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Turkey has threatened another invasion of Syria, similar to those in October 2019 and January 2018, leading to widespread ethnic cleansing of Kurds, Yazidis and other minorities, Jpost reported.

According to the author, President Recep Tayyip Erdogan said that Ankara is planning a new military operation. This could lead to demographic change as the government has promised to return Syrian refugees, mostly Arabs, to the safety zone it wants to create.

In the past, Ankara's incursions have resulted in Kurds and other minorities being persecuted and forced to flee, and extremist groups have seized Turkish-controlled territories.

Turkey's far-right regime, which combines radical nationalism and religious fundamentalism, has promised to create a "safe zone" along the border. It is similar to the "safety zone" created in October 2019 when 200,000 people fled due to its invasion of eastern Syria.

At the time, Ankara had a close relationship with the Trump administration and received a green light from the White House to invade and attack the Syrian Democratic Forces, a US-backed group. In a series of bizarre events, Washington opened the door to its "NATO ally" Turkey to attack the very people America was also training to fight ISIS.

The White House has said Turkey will fight ISIS and the US will withdraw from Syria. The Trump administration has been so rebuffed by Congress and members of the administration that it has reversed course. But the damage was done, the border region was destroyed and key civilians such as Hevrin Khalaf, a young female politician, were killed by Turkish-backed extremists.

Ankara calls these people in Syria “terrorists,” a term it uses for anyone who criticizes or opposes the ruling AKP party. Usually these are journalists, women's and gay rights activists, youth, intellectuals, teachers, students, artists, Kurds, Yezidis, Christian minorities and others.

For example, in Afrin, a Kurdish region that Turkey invaded in Syria in January 2018, about 160,000 Kurds were expelled from their homes. Yazidi temples were destroyed, cemeteries desecrated, and then the area was turned into a haven for extremists sent by Ankara to Syria. Extremist groups, some of which are linked to former Syrian rebel groups, are kidnapping women and accused by the US, the UN and others of human rights violations.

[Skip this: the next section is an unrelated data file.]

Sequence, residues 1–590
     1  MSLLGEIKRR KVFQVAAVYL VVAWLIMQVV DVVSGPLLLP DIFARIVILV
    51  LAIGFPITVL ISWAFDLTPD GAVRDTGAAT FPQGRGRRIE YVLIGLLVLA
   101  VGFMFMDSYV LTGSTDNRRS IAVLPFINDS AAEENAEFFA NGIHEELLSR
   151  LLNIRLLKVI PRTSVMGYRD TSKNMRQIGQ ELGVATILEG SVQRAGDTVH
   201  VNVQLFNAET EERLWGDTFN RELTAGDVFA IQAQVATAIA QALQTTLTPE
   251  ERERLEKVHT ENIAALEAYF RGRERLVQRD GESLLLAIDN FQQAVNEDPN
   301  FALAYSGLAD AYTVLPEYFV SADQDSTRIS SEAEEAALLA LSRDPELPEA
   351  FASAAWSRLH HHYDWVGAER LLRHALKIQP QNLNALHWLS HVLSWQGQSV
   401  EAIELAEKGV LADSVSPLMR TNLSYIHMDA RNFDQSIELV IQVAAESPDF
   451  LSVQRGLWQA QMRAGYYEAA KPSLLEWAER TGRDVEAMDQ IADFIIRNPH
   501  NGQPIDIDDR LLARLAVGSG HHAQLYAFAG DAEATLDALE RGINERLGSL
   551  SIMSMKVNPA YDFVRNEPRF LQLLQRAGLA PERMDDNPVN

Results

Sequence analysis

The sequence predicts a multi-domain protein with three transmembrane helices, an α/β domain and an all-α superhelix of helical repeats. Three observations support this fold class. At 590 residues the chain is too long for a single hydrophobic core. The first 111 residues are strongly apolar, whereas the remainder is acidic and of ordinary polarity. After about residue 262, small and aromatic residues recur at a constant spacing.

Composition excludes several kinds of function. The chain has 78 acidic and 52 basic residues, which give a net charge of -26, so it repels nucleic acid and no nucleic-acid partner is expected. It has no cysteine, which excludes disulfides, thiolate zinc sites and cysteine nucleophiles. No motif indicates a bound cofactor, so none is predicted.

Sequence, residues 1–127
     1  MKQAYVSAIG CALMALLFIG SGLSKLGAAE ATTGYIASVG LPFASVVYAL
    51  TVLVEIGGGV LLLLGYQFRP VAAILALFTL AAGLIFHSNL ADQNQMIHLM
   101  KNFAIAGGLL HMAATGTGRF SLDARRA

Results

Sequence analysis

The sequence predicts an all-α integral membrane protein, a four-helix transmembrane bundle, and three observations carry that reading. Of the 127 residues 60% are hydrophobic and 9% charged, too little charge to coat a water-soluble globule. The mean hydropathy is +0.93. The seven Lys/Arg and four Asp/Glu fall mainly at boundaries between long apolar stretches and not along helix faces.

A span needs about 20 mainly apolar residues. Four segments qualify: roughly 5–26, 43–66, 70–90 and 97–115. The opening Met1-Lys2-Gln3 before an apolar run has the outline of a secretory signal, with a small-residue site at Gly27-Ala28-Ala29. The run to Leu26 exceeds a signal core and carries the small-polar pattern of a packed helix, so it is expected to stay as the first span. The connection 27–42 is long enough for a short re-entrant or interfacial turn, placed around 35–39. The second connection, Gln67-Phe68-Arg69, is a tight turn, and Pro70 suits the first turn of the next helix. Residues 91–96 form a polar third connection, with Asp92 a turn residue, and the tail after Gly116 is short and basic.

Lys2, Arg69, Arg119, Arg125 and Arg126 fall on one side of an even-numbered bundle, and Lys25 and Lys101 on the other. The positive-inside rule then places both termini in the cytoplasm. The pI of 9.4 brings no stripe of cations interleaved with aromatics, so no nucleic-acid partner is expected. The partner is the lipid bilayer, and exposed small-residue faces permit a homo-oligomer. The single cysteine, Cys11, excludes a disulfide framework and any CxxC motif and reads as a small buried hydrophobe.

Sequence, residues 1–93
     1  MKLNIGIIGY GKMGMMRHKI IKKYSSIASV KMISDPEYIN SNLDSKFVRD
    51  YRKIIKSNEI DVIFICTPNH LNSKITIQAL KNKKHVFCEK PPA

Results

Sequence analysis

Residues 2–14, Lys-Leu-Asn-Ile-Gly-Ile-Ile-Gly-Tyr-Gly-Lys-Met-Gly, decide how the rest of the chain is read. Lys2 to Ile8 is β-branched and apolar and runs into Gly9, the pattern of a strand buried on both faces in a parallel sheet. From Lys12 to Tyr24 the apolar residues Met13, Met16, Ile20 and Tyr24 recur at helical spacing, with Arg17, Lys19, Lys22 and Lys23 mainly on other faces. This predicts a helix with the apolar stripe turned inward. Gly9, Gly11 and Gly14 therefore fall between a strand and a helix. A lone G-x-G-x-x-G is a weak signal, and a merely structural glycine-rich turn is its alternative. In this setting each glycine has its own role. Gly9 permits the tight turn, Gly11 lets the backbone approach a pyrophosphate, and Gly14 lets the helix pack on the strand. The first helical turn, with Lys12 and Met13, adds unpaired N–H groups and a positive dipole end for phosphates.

One of these groups even came under US sanctions. This means that Ankara, which claims to be a "NATO ally", supports extremists and groups associated with terrorists, while claiming to be "fighting terrorists."

Now, with Ankara's ruling party facing elections next year, it appears to be paving the way for even more chaos in Syria.

Ankara's goal is to destabilize areas liberated from ISIS control and clear the borders of minorities. This historical ethnic cleansing is similar to what was done in Turkey in 1915 during the Armenian Genocide and subsequent genocide and massacres of Christian communities.

Ankara did this before in Cyprus when it invaded in the 1970s and expelled Greek minorities from its northern regions. Ethnic cleansing in Afrin, Sere Kania and other border areas in 2018 and 2019 changed historical settlement patterns, displacing indigenous minorities. This is similar to what happened in the Balkans in the 1990s, except that Ankara used its NATO membership to claim that it needed "security".